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Shared Bounty Purple CauliflowerShared Bounty Purple CauliflowerWhen we got out of the car, we were immediately welcomed by Jim and Ramona's dog. We met another family who experienced the first year of Shared Bounty CSA with us, and then headed to the field. Jim handed out bags and knives and told us we were welcome to anything we wanted. He briefly told us what was located where, and turned us loose. My family and the other who came out, though, didn't just come to pick food. We came to spend time with the folks who fed us so well for the past 20 weeks. Ramona went off with the other family, and we sidled up to Jim. As we walked the rows, he talked with us: about the food (even asking what we'd like to eat next year), about the farm, about growing up on a farm, about the season's rains, about the first frost, about the animals they keep, about anything and everything.

October Challenge: Becoming a Localvore

In September, I pledged to be greener by going paperless. In an effort to kick my paper habit, I downloaded Android apps to manage my shopping lists and balance my checking account (and I used them), I stated a recycling bin for myself and my officemates, I gave a reusable coffee cup to my assistant so she could stop using new paper cups every day, I utilized the Google To-Do list portion of my calendar over sticky notes, and I started a marker board to-do list for my officemates to use. ... read more

Do It Gorgeously: A Book Review

Do It GorgeouslyDo It Gorgeously... read more

Sophie Uliano's Do It Gorgeously: How to Make Less Toxic, Less Expensive, and More Beautiful Products struck my eye at the library yesterday. I'm a sucker for books that claim they can help me green my home front, but most of them leave me disappointed. I've checked out far too many of these books and wasted far too many hours flipping through their chapters on using recycling bins and turning out the lights when I leave the room. I mean, my generation has been learning about recycling and conservation since elementary school. We don't need any more Love Your Earth 101 lessons, folks.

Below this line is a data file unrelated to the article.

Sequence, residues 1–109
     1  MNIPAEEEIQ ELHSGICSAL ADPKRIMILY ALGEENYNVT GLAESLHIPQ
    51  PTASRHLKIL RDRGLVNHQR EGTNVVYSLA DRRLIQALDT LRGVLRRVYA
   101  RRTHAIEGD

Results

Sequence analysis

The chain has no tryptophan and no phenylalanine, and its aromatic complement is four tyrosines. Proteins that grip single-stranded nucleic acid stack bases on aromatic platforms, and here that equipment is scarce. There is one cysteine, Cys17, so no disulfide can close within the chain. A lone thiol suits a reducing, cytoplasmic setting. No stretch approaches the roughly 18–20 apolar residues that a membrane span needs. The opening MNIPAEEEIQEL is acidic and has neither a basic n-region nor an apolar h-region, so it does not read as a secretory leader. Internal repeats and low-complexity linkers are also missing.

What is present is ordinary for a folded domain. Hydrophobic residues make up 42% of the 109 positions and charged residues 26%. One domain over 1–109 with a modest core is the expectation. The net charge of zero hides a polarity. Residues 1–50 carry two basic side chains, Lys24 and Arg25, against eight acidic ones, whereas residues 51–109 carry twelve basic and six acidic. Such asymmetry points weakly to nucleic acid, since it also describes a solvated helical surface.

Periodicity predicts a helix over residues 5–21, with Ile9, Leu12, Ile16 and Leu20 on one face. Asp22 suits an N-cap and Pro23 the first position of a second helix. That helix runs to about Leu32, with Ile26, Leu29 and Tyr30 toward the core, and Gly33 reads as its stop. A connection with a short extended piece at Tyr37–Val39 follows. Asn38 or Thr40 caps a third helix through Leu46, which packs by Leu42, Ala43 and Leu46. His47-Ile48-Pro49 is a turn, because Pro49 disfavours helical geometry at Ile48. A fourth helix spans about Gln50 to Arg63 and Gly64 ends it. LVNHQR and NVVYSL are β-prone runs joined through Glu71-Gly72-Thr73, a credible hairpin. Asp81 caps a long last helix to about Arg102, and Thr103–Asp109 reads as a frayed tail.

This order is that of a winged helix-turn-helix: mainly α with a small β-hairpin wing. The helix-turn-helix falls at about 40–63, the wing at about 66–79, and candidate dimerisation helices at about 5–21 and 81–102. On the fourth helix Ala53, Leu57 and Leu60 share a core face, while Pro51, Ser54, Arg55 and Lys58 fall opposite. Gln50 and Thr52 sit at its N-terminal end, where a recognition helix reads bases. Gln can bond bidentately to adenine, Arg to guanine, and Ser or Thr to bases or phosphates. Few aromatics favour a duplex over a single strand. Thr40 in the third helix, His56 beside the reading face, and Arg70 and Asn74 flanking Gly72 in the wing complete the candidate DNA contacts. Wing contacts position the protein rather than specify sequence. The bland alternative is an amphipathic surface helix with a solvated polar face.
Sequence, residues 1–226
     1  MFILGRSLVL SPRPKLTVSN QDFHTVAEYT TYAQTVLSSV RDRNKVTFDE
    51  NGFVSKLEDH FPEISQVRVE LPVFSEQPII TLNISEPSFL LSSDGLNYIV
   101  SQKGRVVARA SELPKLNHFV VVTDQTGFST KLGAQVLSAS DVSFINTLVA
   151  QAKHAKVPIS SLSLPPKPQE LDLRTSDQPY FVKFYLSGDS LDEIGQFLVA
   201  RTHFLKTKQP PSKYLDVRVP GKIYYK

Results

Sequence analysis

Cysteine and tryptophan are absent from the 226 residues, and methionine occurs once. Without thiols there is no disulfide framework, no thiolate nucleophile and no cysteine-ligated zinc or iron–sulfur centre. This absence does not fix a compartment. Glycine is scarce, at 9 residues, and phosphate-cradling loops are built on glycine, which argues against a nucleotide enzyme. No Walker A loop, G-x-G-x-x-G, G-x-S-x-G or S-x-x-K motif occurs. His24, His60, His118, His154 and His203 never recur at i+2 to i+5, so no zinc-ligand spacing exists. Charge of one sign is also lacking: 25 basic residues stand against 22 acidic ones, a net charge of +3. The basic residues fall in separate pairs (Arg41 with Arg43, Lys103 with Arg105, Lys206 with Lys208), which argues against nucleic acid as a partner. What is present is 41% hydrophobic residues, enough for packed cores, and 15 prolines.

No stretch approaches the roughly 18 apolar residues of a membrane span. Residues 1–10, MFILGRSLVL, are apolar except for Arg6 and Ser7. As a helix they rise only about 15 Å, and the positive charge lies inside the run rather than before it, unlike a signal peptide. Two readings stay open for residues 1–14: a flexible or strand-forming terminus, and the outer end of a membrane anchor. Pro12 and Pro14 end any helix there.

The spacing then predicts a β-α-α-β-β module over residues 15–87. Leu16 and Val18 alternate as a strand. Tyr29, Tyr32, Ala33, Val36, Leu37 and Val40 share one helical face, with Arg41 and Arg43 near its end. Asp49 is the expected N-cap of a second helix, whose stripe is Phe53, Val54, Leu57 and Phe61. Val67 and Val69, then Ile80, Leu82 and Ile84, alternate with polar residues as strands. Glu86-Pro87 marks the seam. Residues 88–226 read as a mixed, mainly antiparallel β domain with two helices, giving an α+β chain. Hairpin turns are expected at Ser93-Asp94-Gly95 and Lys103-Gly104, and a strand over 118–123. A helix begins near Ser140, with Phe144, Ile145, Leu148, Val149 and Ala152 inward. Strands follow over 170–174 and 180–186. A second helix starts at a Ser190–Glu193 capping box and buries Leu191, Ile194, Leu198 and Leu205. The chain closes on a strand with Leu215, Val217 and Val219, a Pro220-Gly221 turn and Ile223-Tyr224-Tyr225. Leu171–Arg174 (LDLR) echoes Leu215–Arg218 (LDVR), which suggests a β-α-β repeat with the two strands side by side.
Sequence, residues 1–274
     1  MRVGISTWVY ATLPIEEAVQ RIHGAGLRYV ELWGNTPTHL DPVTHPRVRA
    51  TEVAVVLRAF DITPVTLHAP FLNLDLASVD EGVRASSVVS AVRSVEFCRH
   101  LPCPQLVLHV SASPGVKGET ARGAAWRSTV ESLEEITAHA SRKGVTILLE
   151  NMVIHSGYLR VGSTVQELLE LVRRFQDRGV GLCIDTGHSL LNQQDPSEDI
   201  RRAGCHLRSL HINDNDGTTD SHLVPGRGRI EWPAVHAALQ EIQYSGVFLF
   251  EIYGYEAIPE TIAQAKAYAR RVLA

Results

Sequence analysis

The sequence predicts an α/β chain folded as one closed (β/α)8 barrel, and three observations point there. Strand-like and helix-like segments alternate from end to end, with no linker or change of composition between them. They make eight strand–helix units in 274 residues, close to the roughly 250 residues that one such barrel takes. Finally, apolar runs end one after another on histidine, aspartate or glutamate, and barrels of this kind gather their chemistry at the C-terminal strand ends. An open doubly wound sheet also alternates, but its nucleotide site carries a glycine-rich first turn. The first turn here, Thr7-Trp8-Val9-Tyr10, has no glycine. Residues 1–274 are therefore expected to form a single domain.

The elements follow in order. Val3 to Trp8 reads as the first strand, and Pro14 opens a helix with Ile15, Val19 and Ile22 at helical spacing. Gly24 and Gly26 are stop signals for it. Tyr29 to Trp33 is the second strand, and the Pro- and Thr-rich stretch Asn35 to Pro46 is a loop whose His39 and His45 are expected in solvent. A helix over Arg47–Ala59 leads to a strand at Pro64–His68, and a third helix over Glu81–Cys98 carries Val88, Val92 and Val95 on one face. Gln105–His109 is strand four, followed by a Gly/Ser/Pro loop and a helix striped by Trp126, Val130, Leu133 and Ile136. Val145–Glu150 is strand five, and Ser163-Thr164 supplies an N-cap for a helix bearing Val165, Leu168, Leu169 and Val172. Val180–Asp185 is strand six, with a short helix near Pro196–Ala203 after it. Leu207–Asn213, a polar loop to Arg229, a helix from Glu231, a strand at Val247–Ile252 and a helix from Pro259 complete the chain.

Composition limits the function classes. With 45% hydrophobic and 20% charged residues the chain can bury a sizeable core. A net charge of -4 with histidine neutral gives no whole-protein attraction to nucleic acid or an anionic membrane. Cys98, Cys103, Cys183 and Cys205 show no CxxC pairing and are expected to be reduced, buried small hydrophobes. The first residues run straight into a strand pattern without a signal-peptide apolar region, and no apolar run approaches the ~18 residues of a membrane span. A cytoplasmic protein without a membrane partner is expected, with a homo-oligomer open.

Green Company Profile: To-Go Ware

To-Go Ware

Why Its Keen:

Kelly Farkas of To-Go Ware introduces the company well:

"To-Go Ware provides reusable, non-plastic eating ware, including bamboo utensils, stainless steel food carriers and handcrafted accessories from communities abroad. Giving people some great options to reduce their forkprint while on-the-go. Our mission is to make available innovative products that provide a solution, tell a great story, and are enjoyable to use."

 

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Kick the Paper Habit, A Challenge for September

Too much paper?Too much paper?

While clicking through random postings to WordPress' green tag tonight I stumbled upon a brilliant idea by Shawn, a UCF student who has made the pledge to go paperless this semester--or as paperless as his circumstances will allow. As he points out, we have the technology now, so why wait for the world to catch up? I concur.